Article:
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Weather radios are many times the key to surviving severe storms!
Weather radios provide you with advance warning when severe weather such as hurricanes, tornados, floods or snow and ice threatens your area. Weather radios are critical tools to have available in the home, office, or when traveling.
Battery operated portable weather radios are also available for boaters, campers, hikers and anyone on the go who may be affected by sudden severe weather.
Many weather radios feature Specific Area Messaging Encoding (SAME) that allows you to program the weather radio to monitor only local counties, eliminating distant, non-threatening alerts.
Weather radios monitor the seven emergency frequencies operated by the National Weather Service – a public service by the National Oceanic and Atmospheric Administration (NOAA). The system includes more than 900 transmitters located throughout the U.S..
Weather radios are available from quality manufacturers such as Oregon Scientific, Midland, First Alert, WeatherOne and Reecom.
Emergency alert weather radios provide advance warning about dangerous storms approaching your local area. The alerts are transmitted by NOAA (National Oceanic and Atmospheric Administration part of the Department of Commerce) and can be a life-saving tool in the event of pending hurricanes, tornadoes, heavy rainstorms, snow and ice, or other possible disasters.
Receiving advance warning about approaching dangerous weather situations is critical! Severe weather warnings are broadcast by the government and contain valuable information for all types of hazards. In fact, even warnings about oil spills or other important information is also sent out over the air waves.
NOAA sends out broadcasts on the emergency weather radio network advising the public of a variety of potential hazards. These alerts include items such as chemical or oil spills, nuclear power plant emergencies, forest fires, national emergencies and even Amber alerts.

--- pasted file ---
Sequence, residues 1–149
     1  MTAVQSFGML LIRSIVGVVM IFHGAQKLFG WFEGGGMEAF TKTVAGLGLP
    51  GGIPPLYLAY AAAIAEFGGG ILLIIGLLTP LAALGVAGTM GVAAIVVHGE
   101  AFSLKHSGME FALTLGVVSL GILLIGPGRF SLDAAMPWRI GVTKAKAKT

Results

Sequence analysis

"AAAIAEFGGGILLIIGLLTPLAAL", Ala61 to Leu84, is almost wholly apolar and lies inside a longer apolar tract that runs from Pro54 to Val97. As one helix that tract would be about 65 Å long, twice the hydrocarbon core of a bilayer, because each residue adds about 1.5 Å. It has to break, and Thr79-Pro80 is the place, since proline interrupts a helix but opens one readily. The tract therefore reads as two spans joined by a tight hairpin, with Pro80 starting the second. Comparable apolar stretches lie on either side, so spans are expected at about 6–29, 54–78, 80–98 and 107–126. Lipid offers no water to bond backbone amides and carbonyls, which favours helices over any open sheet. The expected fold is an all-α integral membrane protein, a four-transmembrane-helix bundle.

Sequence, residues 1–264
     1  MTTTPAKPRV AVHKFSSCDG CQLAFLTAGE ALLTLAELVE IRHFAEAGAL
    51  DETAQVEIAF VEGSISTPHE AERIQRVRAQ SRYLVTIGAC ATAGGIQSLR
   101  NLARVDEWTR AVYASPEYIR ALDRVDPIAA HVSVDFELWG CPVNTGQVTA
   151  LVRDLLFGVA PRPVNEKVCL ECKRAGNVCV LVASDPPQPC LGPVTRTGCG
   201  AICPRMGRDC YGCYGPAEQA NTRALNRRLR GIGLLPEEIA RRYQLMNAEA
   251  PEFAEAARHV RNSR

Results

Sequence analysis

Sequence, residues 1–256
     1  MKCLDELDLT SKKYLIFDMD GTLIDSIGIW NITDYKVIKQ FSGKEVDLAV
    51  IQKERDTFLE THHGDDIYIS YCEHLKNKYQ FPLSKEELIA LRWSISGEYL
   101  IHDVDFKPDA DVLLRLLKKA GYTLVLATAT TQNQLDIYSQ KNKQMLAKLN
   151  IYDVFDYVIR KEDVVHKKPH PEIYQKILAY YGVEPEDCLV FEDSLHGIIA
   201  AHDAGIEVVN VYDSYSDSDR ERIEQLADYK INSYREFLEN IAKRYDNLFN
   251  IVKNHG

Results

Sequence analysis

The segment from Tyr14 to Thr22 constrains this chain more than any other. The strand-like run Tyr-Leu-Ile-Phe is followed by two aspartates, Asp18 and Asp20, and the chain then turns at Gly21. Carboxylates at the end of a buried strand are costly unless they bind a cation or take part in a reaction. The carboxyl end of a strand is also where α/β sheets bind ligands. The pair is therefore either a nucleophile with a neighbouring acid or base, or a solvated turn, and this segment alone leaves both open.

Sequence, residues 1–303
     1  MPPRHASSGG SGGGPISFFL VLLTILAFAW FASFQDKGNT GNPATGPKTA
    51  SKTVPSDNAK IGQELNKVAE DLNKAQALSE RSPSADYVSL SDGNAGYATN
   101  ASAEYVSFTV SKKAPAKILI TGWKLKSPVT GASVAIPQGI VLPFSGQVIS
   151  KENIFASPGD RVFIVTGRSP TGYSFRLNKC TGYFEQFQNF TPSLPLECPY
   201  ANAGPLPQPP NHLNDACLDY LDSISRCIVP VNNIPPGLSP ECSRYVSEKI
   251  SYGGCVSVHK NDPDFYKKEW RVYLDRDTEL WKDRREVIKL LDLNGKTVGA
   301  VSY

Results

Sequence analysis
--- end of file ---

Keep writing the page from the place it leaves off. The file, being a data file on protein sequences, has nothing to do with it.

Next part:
Emergency alert weather radios do not broadcast constantly. Instead, weather alert radios operate in standby mode until an emergency weather alert is transmitted from NOAA. The weather radio then “wakes up” to sound an alert tone and broadcast the emergency message.
NOAA emergency weather alerts are sent out from more than 900 stations across the country. Each state has a varying number of transmitters and each transmitter has an effective range of approximately 40 to 50 miles.
For example, Louisiana has 11 transmitters located around the state, Kansas has 19, Florida has 30 and Texas has 61.
For a complete list of states and station locations, go to www.nws.noaa.gov and find the All Hazards section.
Many emergency alert weather radios now utilize S.A.M.E. digital technology that allows you to localize emergency broadcasts. Weather radios featuring S.A.M.E. (Specific Area Message Encoding) receive the same warnings and broadcasts as regular NOAA radios but also allow you to program it with a six-digit code to adjust reception to monitor only specific counties rather than an entire regional broadcast area.
Emergency alert weather radios comes in many different sizes and varieties. The NOAA weather radios are available in portable or desktop configurations; with or without AM/FM radios; with or without S.A.M.E. technology; and in many different colors.
Various accessories are available for selected models of emergency alert weather radios. Some of the weather radios can utilize AC/DC adapters, cigarette lighter power adapters, external antennas, flashing alert lights or a strobe light, especially valuable for the hearing-impaired.
|Sheri Ann Richerson|